One Law That Does So Much

President Obama signed the renewed USA Patriot Act into law with an autopen.  Scandalous.  It’s a law so valuable, so important to the functioning of America, that nothing can stand in the way of its perpetuation.  How dare the president risk sunset.

At the time it was enacted, few, maybe even no one, knew it’s value, no less its contents. Sure, it enables the government to do scary things, powerful things, to protect us from terrorists.  And criminals.  And people who just don’t agree with the government. And people who do things that a cop somewhere thinks they shouldn’t do.

A guy in Maryland, Christopher Fussell, found this out as he was videotaping.  He shot. The cop didn’t like it and told him to stop. He argued. The cop explained.

Officer: “Listen, listen to what I’m saying. The Patriot Act says that critical infrastructure, trains, train stations, all those things require certain oversight to take pictures, whether you say they are for personal use or whatever, that’s your story,” the officer said.

See?  It’s the Patriot Act.  Anytime a person inquires why he’s not allowed to do whatever the cop says he can’t do, the police officer can invoke the Patriot Act.  Reference to laws with which the public is unfamiliar has been a long-standing and effective tool in the hands of police.
Now, cops have always vaguely referred to bodies of law to justify telling people not to do things they have a protected right to do. But the PATRIOT ACT gives them undreamed-of street cred when they do so. See, (1) hardly anyone knows what is in it, (2) the media blindly pushes the narrative that the PATRIOT ACT actually does let cops do all sorts of stuff they’ve always done, and (3) the culture blindly pushes the narrative that we need to yield to authority whenever that authority can forge a connection, however tenuous, to OMG 9/11. Hence ignorance — both our own, and that of the people we look to for information — is one of the chains that binds us.

But there has been no tool, no law, more widely cited and less widely known than the USA Patriot Act.

Critics of the law argue that it’s a mere compilation of proposed and failed initiatives that had floated for years on the Department of Justice’s wishlist of powers it would like but no one, no legislator, would ever put into their hands.  Critics of the law argue that it was passed in a rushed heat of passion following the events of 9/11, when Americans were as malleable toward security as anyone could ever hope them to be.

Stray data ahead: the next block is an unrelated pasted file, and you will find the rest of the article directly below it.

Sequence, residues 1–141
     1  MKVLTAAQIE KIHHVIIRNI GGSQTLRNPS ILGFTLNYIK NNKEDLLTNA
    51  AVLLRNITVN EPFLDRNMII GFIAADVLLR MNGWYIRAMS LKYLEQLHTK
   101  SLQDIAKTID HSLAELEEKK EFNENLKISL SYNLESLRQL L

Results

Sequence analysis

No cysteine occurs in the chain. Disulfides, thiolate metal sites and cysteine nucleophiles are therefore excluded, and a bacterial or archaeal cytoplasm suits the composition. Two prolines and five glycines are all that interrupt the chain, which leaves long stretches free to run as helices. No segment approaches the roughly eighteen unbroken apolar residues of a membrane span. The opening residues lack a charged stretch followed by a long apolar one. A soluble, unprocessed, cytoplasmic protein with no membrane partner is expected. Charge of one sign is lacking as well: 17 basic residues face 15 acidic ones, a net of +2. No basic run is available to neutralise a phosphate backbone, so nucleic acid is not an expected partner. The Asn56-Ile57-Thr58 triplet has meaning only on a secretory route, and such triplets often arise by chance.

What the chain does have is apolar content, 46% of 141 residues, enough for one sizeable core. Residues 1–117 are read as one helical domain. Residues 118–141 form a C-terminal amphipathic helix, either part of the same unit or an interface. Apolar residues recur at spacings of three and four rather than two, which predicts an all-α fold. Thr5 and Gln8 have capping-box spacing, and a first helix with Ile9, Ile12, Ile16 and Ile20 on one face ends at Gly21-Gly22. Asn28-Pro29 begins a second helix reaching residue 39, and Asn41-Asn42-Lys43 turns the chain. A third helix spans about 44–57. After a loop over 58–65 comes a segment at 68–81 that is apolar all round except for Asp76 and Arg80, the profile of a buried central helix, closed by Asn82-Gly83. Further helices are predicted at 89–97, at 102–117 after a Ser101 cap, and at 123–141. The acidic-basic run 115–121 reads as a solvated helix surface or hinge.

Critics, however, didn’t appreciate at the time just how useful the law would be.  We focused on the language of the law, the powers put into the hands of law enforcement, the ability for abject abuse.  We did not concern ourselves with the law as a wordless penumbra of unadulterated power, where no one would bother citing chapter and verse, but merely mention the words “Patriot Act” and the word of a cop would itself humble the strongest man.

In the old days, laws prohibited particular acts, and people had at least a general idea of what conduct was unlawful and knew that they should behave within certain parameters.  Police officers were not generally of the view that whatever struck them, each of them individually, as a good idea for what people should not do, became law, enforceable by the might of their baton, taser, even gun if necessary, as soon as the word came out of their mouth.  That power didn’t really exist until the passage of the USA Patriot Act. 

Today, there is no longer a need for Congress to worry about the details of laws, to fret over which acts are lawful and which are not. It’s an irrelevancy.  The cop on the beat will decide for himself what’s wrong and not permitted, what requires a stern word and what justifies a damn good beating.  And when asked how he arrived at his assertion that his whimsical notion of law justified his seizing control over a citizen, he can proudly exclaim, The Patriot Act.

And President Obama almost screwed it all up by signing the extension by autopen.  What ever was he thinking, take such an untoward risk?

4 thoughts on “One Law That Does So Much

  1. Alex Bunin

    I think your post is in violation of the Patriot Act … or the Alien and Sedition Act, I forget which.

  2. SHG

    Nothing adds more to the conversation than a comment like this.  I hear the Patriot Act caused a run on tin foil and hat molds.

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